Executives and analysts alike say the LSE is officially "in play" after it revealed last week it was in talks about an all-share "merger of equals" with Deutsche Börse. On Tuesday ICE indicated it too may make a bid. "The LSE is a pretty hot target and is a massive foothold in European financial markets. Now the LSE is in play you can't afford not to be a bidder," said Niki Beattie, head of Market Structure Partners, a consultancy.
From the outset the 16-year old ICE has looked to the UK capital to help give its business scale, purchasing assets such as the International Petroleum Exchange and Liffe, whose names have disappeared under the ICE brand.
However, Atlanta-based ICE faces political and regulatory hurdles and may have to make a hefty offer if it is to walk off with London's biggest exchange asset.
Analysts said that the rationale for a bid is much the same as the one that drives the Deutsche Börse deal. Global regulations have forced banks to place billions of dollars of collateral and margin as insurance to back their derivatives trades. As a result, billions of dollars of capital are being held at clearing houses such as Deutsche Börse's Eurex, ICE Futures Europe and LCH. Clearnet. Bringing the clearing houses under one roof would allow customers to net their margin for swaps and futures.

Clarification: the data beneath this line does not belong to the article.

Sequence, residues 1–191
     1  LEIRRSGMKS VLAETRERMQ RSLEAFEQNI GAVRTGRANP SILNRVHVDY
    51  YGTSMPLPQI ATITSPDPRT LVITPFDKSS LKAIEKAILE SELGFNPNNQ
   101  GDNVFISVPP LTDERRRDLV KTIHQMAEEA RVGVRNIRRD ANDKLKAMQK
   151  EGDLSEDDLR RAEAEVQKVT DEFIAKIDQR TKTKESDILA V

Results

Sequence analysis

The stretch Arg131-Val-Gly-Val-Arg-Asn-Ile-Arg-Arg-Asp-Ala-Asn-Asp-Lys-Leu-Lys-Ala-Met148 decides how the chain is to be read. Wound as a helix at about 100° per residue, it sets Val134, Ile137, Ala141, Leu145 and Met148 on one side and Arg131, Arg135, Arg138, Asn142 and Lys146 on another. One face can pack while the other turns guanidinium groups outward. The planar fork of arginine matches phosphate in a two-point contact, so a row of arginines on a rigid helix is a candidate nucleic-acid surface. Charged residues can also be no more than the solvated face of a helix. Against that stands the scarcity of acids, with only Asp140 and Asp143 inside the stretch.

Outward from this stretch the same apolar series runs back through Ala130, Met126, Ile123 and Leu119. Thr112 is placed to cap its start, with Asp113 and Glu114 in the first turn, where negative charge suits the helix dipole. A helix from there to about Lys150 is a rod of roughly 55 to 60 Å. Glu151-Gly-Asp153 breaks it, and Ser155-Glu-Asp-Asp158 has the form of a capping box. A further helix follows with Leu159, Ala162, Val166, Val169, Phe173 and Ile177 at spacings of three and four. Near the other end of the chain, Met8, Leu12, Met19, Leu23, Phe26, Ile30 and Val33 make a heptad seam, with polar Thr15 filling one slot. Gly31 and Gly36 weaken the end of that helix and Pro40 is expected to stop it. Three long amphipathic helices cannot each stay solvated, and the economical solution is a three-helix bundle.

Ms Beattie, a former bank head of electronic trading, thinks a deal for the LSE will happen after years of unconsummated bids. "I think that's why the banks won't lobby against it this time — the cost savings [from netting margins] will be too great for banks exhausted by regulatory issues."